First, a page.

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> I mean, by default, it wants to send every keystroke back to Microsoft servers

do you have any proof to substantiate this statement? I don’t believe for a second that Microsoft is getting away with an OS-wide keylogger

Of course he doesn't, because it's obviously untrue. Newer versions of Windows 10 gives you the option to save all diagnostic data and view it, so that you can actually see what they send back.

There's no way of verifying that the data shown is identical to the data being sent back.

For me Microsoft has become untrustworthy as an OS vendor, enough for me to even scrap my Windows7 installations.

I just setup Windows on a machine for the first time in a decade, it was a very gross experience indeed. I do recall it asking a series of questions about sending data to MSFT that were all by default, opt-in. One of those options sounded a lot like a key logger. The entire install process was so full of dark patterns it was really quite unbelievable to me.

Got a link for the instructions on how to do this?

It's true that I can't, because that was years ago. But I do remember what I read. And some searching will find others who say the same.

All of the angst about Windows 10 spying did force Microsoft to be more transparent. At one point, they were facing legal action from France and Brazil, and very likely other countries.

>But I do remember what I read

There was actual fake news going around about it. Actual as in sponsored by Russia. So finding others saying the same isn't close to saying it happened, especially given many people have an axe to grind.

> fake news

> sponsored by Russia

I appreciate that this is a prevailing and popular narrative pushed by popular people, but that doesn't mean it needs to penetrate into a discussion between two civilised human beings capable of critical thinking. It would be best to keep at least this website as propaganda-free as we can.

As I recall, this is what you saw when customizing privacy settings, back when Windows 10 first came out:

> 1. Go to Start, then select Settings > Privacy > General.

> 2. Turn off Send Microsoft info about how I write to help us improve typing and writing in the future.

I didn't verify what it actually sent, but that's what I remember seeing.

I got that here: https://www.privateinternetaccess.com/blog/2017/03/microsoft...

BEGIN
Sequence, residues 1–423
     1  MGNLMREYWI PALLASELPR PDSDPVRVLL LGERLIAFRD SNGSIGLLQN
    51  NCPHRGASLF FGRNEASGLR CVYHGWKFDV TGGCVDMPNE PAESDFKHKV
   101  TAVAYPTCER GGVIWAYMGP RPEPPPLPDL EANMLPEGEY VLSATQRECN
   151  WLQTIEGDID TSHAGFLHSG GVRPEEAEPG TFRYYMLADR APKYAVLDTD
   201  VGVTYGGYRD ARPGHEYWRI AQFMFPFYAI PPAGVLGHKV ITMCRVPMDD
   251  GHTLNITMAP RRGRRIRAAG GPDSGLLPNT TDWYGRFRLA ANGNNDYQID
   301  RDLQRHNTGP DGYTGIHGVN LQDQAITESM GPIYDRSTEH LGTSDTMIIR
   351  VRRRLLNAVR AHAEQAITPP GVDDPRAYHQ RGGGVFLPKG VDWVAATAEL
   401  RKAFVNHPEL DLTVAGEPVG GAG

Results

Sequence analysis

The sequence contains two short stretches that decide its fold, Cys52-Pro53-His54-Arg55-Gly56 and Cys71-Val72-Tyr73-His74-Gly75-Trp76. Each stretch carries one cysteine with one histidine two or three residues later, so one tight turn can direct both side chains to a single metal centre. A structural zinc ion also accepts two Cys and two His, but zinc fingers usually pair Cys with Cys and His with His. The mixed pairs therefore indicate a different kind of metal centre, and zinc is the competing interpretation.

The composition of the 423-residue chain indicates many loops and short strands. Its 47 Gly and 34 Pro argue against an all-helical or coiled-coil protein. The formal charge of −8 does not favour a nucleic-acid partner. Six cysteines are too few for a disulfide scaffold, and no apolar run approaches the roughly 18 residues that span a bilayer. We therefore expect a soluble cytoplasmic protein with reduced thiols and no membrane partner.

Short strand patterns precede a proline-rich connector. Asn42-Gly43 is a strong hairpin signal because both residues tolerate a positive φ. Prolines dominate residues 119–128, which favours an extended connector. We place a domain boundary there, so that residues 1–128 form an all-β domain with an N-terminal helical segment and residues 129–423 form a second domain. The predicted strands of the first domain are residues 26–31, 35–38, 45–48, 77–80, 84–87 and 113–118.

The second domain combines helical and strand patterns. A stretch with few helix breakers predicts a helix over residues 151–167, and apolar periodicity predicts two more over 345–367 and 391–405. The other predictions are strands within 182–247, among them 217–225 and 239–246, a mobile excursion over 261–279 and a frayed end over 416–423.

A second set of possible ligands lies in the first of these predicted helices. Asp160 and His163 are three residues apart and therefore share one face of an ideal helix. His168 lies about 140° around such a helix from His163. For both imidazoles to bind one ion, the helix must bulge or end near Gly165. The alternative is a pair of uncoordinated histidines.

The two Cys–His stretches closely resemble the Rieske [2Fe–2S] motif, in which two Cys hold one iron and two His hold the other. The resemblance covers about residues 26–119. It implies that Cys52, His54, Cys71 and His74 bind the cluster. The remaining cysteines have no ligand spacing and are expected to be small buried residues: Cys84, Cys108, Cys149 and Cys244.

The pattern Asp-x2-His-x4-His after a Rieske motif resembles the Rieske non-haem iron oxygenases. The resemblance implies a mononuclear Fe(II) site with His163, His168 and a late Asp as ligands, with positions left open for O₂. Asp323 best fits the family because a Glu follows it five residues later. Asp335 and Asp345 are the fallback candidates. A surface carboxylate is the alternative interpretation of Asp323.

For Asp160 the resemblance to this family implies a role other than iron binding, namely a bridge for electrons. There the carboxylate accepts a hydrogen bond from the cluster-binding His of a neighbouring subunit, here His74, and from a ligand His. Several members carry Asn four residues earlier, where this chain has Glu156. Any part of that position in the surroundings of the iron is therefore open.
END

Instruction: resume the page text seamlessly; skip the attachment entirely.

For current Windows 10 versions, it's become a local database:

> As part of inking and typing on your device, Windows collects unique words—like names you write—in a personal dictionary stored locally on your device, which helps you type and ink more accurately.


I helped a friend turn off the worst of telemetry and there was definitely a pre-checked checkbox that would send data to MS to improve "typing" or some other nonsense.

Given that MS can connect to your computer at higher telemetry levels and run programs and download documents, I have zero trust in this company and turned everything I could find off.

If you have zero trust why do you expect turning off everything achieves anything? Microsoft is known to turn their malfeatures back on.

Furthermore, if you have zero trust in your OS vendor, then why are you continuing to use their product?

I need to use Windows sometimes to check out VPN client apps. Also to use Excel, when Calc chokes on too much data and/or too many calculations.

So I'm just very careful. I have old Windows 7 and Office DVDs that I bought for cash at a yard sale. I created a VirtualBox VM, and updated it through a nested VPN chain.

When I need to use Windows, I just clone that VM. If I'm putting data on it, I don't give it an Internet uplink. Occasionally, I update a clone. And if everything goes well, I use that as the source for future working clones. If I need to retain old clones, I put them on an external LUKS SSD.

Perhaps you work on windows (and are required to), or you like playing AAA videogames. Two use-cases where not using windows is not an option, but a requirement.

Playing AAA videogames is not a requirement for anything unless your job is game testing.

I said it was a use-case. It might not be a use-case that is right for you, but I'd hazard to go so far as to say that it is a use-case for a large amount of people that run Windows.

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